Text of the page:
1) Mills without an exit plan

The few remaining optimists on my timeline gravitated towards something along the lines of (paraphrasing) “Only two of Mills’ interceptions were his fault.” Well, they don’t include this ball:

Frankly, I also don’t agree about the way they’re backtracking the two tipped picks. The ball to Pharaoh Brown at the end of the game was so far behind him that it was begging to not be caught and popped up. The second pick, the one Matt Milano tipped, came with Milano directly in the passing lane and unencumbered. That’s not a ball you should throw without loft, and it’s a ball that many better and more experienced quarterbacks would not attempt to throw at all depending on their comfort with that loft. Mills’ sacks showed a distinct inability to move on to a next read:

This is a target that Mills has to get off of much sooner than he did. Brandin Cooks was the man he locked on to. There was nothing there, go on to Pharaoh Brown over the middle. The better quarterbacks get that read down before it even happens and are already on to the next one.

Where I will give Mills some credit is that the Texans picked up 10 penalty for 100 yards, and that his average third-down attempt came with a distance of 11.3 yards. That would be tough for a good quarterback, let alone one as limited as Mills is right now. Houston played them mostly conservatively before the game went out of hand, and it didn’t end well for anybody involved. Joe Montana in his prime? He would have made a difference, David.

2) End the myth that this offensive line is improved, 2021 edition

The Texans ran exactly two plays that gained more than 10 yards and were runs: Mark Ingram’s heavy-set run in the first quarter, and David Johnson’s third-and-long draw give-up on their first drive.

Poor Phillip Lindsay. He had no chance on that play. This is an interesting situation for me because I look at what the team did all offseason: They embraced a competition mindset. They needed competitors, only the most competitive people could be considered good fits for the team. But through four weeks, nothing has changed from last season. The team can’t run the ball. And the result of the competition is: the starters are the starters minus some snaps for Marcus Cannon to get his conditioning back, and the backfield roles have mostly been the same for four weeks. What was the point of the competition if it creates this result (back-to-back-to-back sub-3 YPC games) and there’s nothing that can be done about it? What happened to those competitive juices? Where are those extra competitors hiding?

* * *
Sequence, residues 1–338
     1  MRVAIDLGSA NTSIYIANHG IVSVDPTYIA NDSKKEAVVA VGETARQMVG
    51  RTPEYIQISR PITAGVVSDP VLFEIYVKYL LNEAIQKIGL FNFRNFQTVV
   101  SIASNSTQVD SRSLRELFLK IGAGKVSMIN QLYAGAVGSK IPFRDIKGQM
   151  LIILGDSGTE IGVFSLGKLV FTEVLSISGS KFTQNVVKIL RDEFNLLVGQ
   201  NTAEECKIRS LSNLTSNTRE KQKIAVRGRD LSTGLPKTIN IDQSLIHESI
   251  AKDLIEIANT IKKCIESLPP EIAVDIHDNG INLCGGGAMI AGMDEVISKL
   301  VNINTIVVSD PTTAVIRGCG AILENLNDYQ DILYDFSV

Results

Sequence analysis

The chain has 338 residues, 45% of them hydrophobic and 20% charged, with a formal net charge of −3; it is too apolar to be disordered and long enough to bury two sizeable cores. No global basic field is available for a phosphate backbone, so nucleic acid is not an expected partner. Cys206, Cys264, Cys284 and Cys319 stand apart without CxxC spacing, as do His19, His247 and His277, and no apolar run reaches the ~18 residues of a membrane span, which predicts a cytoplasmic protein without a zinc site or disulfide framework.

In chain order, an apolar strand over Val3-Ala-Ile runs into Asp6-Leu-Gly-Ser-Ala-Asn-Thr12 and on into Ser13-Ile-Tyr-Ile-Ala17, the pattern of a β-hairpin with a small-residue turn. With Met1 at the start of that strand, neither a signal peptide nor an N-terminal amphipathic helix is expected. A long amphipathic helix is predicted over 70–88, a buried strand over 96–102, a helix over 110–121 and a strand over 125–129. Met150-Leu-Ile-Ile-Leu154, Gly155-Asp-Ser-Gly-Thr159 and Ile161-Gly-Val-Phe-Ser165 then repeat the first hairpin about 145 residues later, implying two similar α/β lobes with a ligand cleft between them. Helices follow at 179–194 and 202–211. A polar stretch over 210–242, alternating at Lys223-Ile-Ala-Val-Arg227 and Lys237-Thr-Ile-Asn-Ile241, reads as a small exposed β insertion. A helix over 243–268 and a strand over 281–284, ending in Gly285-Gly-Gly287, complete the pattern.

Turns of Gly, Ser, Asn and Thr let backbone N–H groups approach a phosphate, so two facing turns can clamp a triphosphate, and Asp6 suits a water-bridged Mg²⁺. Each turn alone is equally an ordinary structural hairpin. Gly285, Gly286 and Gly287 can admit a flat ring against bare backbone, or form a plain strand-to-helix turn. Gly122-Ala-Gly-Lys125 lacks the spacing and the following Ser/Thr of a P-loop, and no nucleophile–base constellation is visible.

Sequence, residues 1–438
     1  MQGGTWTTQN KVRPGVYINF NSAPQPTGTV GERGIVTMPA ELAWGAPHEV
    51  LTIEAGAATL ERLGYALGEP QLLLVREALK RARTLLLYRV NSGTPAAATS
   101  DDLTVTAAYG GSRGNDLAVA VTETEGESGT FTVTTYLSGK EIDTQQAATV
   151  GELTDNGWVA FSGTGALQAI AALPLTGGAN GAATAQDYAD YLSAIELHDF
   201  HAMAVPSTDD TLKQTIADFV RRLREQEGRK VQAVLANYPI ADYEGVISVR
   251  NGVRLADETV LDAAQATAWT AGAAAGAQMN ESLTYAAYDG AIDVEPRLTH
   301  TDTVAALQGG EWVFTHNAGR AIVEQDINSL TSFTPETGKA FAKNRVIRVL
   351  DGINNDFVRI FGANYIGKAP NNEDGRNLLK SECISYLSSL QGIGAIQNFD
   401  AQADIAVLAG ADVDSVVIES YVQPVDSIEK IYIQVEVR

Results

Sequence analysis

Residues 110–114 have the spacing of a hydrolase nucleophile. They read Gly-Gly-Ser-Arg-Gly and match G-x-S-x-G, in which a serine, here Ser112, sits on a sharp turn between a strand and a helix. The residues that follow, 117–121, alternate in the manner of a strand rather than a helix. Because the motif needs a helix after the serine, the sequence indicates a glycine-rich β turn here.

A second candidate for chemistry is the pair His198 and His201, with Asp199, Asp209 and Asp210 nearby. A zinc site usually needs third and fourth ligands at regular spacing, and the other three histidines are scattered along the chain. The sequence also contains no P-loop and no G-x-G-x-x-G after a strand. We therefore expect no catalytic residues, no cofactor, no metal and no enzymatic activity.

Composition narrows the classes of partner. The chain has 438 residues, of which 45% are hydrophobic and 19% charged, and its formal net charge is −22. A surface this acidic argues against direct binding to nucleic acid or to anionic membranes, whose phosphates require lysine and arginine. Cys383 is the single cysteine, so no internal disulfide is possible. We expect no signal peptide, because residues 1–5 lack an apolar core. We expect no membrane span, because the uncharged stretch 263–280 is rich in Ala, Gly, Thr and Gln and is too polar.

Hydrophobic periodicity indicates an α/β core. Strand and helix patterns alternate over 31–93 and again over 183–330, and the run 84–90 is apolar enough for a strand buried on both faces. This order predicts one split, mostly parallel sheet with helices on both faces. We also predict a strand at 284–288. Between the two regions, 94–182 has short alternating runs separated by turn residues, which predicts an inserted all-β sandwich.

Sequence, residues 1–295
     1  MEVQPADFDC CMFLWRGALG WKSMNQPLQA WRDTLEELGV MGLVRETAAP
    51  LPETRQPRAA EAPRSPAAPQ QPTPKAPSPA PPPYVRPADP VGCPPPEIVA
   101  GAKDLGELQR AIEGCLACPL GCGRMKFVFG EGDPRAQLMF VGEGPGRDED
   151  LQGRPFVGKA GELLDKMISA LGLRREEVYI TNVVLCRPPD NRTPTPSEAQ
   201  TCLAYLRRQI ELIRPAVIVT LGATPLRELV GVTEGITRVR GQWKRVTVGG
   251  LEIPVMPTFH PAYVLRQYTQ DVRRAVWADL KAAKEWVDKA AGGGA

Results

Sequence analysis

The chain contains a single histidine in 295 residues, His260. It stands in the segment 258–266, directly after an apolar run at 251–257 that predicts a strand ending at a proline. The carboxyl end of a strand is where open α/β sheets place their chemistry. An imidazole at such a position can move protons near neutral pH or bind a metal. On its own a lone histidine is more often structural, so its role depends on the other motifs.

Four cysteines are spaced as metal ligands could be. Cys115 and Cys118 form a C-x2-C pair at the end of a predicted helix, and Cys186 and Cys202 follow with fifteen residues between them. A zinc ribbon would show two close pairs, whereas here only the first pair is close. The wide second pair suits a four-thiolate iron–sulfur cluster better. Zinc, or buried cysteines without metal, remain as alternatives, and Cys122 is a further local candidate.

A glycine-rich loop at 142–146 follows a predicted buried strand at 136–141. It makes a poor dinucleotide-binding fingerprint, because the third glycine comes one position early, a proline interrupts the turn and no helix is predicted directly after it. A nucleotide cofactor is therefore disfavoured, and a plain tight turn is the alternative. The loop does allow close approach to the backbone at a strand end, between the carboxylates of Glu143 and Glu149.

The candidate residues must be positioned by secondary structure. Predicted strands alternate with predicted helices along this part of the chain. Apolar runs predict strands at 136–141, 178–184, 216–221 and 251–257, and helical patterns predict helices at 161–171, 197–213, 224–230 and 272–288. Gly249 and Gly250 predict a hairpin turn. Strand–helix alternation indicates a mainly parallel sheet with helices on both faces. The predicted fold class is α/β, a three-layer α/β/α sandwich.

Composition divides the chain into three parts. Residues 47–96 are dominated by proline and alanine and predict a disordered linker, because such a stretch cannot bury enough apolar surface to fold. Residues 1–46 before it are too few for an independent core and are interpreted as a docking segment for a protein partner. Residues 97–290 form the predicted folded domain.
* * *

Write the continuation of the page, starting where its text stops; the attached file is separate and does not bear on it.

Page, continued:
Tytus Howard doesn’t deserve to be dragged through the mud because the team asked him to learn a new position as a result of a trade for Cannon. But that’s where he is. He was inconsistent at right tackle last season, and now he’s having to learn a brand new position on the fly because of a versatility edict that the Texans are struggling to implement. They still can’t block zone on account of all the new bodies and lack of time together. Nothing about the running game has materially changed from last year outside of being able to bludgeon Ingram inside in heavy personnel, and the Texans routinely forget that they’re allowed to do that.